Short Lecture: By 1760 40% of the population in the Tidewater area was made up of enslaved Africans who worked while the planters honed their aristocratic lifestyles. If I’m understanding correctly (thanks to reading some fine books*), within a couple decades the tobacco fields wore out and at the same time migration moved into the Deep South where the big money was in cotton. Growing cotton was extremely profitable if you scaled up to big-ass plantations with free labor. This cotton boom created a corresponding demand for enslaved people who provided the free labor. Tidewater folks were looking to get out of tobacco anyway and it made financial sense to sell huge numbers of people to be literally herded south and west; literally “sold down the river.”

Working Hypothesis: This supports the idea that my fine Clopton tobacco barons faltered financially, sold the people they enslaved, and went west to invest in something new. Through the 1700’s my direct grandfathers were paying personal property taxes on their enslaved people, their horses, cattle, mules, land and buildings. (Seriously. Usually the enslaved people were listed by sex and age group, pretty much like the livestock. Sometimes they had their first names listed. In 1784 John Clopton, probably one of mine, owned Landon, Harry, Dolstra and Dick.) By the 1800s it seems like my string of Williams, Roberts and Johns had decamped to Kentucky.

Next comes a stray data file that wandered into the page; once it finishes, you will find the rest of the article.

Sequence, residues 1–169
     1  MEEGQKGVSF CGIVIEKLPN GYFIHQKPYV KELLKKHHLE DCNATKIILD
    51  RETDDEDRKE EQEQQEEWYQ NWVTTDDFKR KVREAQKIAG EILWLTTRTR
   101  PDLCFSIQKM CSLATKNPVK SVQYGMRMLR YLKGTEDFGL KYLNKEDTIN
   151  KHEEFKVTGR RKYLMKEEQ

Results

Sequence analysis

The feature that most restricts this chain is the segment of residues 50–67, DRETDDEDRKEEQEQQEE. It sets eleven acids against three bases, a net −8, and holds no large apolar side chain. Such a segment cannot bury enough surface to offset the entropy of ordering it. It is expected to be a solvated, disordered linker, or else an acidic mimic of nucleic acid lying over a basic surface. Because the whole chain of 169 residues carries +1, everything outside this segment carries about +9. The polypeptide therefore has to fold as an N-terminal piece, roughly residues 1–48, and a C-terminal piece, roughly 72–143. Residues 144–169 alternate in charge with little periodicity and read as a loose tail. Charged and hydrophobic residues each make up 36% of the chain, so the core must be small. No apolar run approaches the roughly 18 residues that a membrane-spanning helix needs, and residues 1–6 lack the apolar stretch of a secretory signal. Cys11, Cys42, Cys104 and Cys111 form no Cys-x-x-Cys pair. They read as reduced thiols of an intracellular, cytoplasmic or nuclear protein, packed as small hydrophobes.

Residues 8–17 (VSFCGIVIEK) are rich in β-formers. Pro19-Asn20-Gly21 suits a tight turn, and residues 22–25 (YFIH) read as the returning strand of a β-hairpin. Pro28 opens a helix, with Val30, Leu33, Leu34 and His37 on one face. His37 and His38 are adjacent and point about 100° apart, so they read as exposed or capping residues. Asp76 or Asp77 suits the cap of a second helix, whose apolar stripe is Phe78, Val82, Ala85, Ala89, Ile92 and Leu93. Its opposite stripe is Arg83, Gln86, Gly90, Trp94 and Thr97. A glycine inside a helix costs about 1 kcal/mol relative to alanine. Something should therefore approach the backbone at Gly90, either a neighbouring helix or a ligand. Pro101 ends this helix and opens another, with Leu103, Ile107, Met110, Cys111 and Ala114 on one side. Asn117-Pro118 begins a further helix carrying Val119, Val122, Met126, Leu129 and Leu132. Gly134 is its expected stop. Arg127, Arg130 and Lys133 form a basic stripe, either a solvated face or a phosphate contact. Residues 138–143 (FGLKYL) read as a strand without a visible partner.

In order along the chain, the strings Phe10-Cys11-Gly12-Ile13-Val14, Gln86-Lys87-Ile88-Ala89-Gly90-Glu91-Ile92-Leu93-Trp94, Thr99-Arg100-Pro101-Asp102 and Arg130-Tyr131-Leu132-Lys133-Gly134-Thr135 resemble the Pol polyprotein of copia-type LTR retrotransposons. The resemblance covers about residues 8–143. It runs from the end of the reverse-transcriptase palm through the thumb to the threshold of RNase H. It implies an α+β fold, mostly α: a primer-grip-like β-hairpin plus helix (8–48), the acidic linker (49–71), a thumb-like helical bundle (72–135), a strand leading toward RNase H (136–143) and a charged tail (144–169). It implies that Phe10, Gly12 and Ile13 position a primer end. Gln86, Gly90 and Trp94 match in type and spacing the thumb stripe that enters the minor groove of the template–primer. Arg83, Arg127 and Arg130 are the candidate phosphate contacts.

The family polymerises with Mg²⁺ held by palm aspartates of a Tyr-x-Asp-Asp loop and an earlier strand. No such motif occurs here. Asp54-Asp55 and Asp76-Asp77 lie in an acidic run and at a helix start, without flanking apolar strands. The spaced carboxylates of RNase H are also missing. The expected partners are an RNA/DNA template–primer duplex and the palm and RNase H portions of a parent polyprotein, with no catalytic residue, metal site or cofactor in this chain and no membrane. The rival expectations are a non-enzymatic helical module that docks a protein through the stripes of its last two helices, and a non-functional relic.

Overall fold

*American Nations: A History of the Eleven Rival Regional Cultures of North America, by Colin Woodard, and The Half Has Never Been Told, by Edward E. Baptist

I took a DNA test turns out I am 100% yrmama

Wikipedia

In 1989 yrmama lived in St. Louis and someone left a message on her answering machine about doing genealogical research on the Clopton family in that area. As a heedless youth, she didn’t call him back, but she sure would now. In those olden days people had to do things like call all the Cloptons in the St. Louis phone book to find anything out. I did know from working with school field trip groups in my job at the science museum that there was a Clopton school somewhere nearby, which was surprising, and that all the teachers and students were black, also surprising. I thought Clopton meant Iowa and we all know that is likely to mean white. Then I did other things for about thirty years.

It turns out that there are a whole lot of Cloptons who don’t live in Iowa and who are not white. My father was Edwin Clopton, as was his father who went by Bill. From there on back is a long string of Williams, Johns, and Roberts and Davids. Most of them were named William and I’m not even kidding. Maybe that’s why Grandpa was Bill. Going backwards there are five generations in Iowa, a couple in Hart County, Kentucky, then Virginia. Virginia tobacco plantations all the way back to Jamestown in the early 1600’s.